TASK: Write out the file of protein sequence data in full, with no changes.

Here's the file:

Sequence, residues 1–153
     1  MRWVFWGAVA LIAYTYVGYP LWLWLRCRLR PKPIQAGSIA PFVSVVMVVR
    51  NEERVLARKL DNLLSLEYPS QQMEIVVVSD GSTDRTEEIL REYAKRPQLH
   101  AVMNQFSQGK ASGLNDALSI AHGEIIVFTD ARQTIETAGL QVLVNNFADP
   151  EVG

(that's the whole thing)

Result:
Sequence, residues 1–153
     1  MRWVFWGAVA LIAYTYVGYP LWLWLRCRLR PKPIQAGSIA PFVSVVMVVR
    51  NEERVLARKL DNLLSLEYPS QQMEIVVVSD GSTDRTEEIL REYAKRPQLH
   101  AVMNQFSQGK ASGLNDALSI AHGEIIVFTD ARQTIETAGL QVLVNNFADP
   151  EVG